It is such a gorgeous day today! This is the first morning I woke up feeling chilly. A few months from now I’ll no doubt be complaining about this, but it felt really, really good. I’ll be wearing long pants and a long sleeve t-shirt today for sure. And, since I’ve finally gotten my seasonal blahs to a manageable place, I can enjoy the cooler weather and the changing of the colors. 🙂
What a week! Book Blogger Appreciation Week was an inspiration to me. Jen at Devourer of Books made my week early on and it just stayed that way. I enjoyed visiting new blogs and presenting four of the awards and two contests. It culminated in a wonderful book blogger wide shout out to Amy at My Friend Amy that was really impressive. It’s amazing what a group of people who don’t know each other can do in such a short period of time. I want to personally thank Trish at Hey Lady, Whatcha Readin’ for the gorgeous button she created for Amy. It is absolutely lovely!
The Literate Housewives’ Book Club is also back up and running. After 9 months, we’re giving it another try. In addition to the blog, I’ve created a forum and will be creating a newsletter. Our first book is Immortal by Traci Slatton. A couple of the members have finished the book, but I’m about 10 chapters in myself. We’re not actually describing the book until we’ve finished, which will probably be closer to the end of the month. So, there’s still time to join if you’re interested.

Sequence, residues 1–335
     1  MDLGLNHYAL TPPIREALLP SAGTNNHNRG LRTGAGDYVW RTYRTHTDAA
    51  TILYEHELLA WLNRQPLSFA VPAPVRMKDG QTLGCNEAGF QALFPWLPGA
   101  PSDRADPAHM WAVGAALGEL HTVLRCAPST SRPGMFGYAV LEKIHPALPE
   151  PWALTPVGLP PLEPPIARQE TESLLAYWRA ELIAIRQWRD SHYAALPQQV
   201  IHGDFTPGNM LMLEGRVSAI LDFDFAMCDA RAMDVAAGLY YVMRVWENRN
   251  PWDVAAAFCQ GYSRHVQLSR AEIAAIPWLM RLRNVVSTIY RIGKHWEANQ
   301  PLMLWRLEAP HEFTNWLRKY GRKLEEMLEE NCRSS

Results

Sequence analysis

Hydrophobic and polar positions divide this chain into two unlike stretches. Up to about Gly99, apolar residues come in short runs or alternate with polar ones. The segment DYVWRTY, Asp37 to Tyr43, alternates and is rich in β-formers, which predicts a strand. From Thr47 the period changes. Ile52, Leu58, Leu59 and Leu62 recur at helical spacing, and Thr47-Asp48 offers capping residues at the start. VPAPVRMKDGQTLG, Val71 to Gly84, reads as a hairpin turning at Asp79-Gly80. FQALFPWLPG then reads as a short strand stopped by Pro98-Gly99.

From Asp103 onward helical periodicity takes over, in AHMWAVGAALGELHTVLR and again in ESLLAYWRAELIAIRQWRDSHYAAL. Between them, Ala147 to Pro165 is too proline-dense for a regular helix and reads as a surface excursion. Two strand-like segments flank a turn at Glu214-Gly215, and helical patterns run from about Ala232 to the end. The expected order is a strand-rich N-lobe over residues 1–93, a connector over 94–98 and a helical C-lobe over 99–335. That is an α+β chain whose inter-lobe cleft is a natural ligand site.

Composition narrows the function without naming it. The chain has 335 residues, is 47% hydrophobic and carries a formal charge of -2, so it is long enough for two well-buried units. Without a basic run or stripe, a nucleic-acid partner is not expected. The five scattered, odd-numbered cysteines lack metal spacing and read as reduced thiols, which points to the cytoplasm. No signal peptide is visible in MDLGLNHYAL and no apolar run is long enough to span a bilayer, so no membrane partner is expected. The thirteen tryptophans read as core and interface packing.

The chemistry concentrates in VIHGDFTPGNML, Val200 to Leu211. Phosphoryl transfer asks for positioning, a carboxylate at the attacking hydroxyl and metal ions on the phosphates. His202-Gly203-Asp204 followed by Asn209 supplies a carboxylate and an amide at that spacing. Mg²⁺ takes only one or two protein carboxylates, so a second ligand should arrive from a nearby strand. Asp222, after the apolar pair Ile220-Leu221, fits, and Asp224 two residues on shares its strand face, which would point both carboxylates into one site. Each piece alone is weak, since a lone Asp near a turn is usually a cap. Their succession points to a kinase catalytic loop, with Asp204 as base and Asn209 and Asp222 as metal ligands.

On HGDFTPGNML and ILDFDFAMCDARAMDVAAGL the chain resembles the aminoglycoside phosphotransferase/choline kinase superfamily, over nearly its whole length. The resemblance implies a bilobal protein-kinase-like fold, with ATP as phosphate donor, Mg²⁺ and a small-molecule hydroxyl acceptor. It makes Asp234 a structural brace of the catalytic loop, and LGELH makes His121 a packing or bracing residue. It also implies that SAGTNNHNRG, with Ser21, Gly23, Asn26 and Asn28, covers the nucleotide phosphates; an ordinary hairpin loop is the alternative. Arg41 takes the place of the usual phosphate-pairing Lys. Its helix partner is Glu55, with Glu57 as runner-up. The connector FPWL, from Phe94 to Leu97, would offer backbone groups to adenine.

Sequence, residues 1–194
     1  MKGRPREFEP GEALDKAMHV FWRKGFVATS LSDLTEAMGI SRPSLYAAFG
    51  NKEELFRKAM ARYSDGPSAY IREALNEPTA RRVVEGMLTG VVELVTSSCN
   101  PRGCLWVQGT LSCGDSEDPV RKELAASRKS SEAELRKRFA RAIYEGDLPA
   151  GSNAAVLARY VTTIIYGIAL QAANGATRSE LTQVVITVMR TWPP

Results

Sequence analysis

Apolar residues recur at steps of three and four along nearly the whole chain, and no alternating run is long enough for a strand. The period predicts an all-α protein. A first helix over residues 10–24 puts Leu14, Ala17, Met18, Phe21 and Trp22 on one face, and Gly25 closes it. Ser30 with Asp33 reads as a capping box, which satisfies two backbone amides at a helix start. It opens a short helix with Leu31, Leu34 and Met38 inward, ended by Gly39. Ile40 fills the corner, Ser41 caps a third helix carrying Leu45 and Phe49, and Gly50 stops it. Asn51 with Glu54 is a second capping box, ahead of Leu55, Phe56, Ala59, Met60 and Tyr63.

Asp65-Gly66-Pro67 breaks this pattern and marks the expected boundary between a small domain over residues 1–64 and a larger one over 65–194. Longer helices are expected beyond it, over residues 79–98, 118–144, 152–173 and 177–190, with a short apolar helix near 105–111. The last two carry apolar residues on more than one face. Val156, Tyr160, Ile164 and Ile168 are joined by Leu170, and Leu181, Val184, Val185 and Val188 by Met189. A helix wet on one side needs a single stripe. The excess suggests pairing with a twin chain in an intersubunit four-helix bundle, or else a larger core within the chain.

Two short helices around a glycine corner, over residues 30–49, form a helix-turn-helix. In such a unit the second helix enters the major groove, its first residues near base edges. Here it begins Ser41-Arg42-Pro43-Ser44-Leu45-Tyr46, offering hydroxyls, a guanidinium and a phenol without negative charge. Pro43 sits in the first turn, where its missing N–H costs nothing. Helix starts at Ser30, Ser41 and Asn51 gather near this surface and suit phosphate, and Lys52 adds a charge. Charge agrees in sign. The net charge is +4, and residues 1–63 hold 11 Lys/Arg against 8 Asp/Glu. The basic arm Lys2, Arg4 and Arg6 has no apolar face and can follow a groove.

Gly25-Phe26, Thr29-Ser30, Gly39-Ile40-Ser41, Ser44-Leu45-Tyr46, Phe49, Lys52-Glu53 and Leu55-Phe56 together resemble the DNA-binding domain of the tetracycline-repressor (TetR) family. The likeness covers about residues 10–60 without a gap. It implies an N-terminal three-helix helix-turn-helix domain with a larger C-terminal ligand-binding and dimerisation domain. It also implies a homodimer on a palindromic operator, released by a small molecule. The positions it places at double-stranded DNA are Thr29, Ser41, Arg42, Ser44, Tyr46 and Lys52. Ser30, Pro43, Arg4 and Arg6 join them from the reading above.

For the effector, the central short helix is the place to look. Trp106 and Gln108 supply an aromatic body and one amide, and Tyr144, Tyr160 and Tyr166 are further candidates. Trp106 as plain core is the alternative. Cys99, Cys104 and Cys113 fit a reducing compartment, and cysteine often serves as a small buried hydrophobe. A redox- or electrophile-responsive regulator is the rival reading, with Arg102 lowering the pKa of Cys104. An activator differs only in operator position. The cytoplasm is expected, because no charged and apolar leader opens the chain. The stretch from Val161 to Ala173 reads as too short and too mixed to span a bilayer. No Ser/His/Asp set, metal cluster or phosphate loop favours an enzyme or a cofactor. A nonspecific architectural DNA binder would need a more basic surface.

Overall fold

In addition to the blogging, I got a good deal of reading done. I finished Sisters of Misery by Megan Kelly Hall. I read that novel to help out Andi at AndiLit. It was really good and I just noticed that in the activity of BBAW that Amy hosted a guest post by the author. I really enjoyed it and am looking forward to the sequel. I also read and enjoyed The Torn Skirt by Rebecca Godfrey. I’ll be writing and posting the reviews for these novels this week.
I have a question about young adult literature for those of you who regularly read and review it. Sisters of Misery is listed in the YA Lit category. It was about a group of high school aged girls, so that fits YA to me. However, there were quite a few references to drugs, sex, rape, and gang rape. Two characters, one of whom is a high school character, smoke. What really stuck out to me as being inappropriate for a YA novel is my least favorite word, c*nt. Are these topics and the use of that kind of language acceptable or common in the YA literature of today? It’s been since the late 80s since I’ve read YA fiction and I know that a lot has changed…
I’m starting Bad Monkey by Matt Ruff and The Other Queen by Philippa Gregory in addition to Immortal for my reading this week. A lot of great reading is heading my way.
Next weekend I’ll be heading to the National Book Festival in Washington, D.C. and I cannot wait! I’ll have pictures and a report back on those festivities in my next Sunday Salon. In the meantime, have a great week everyone!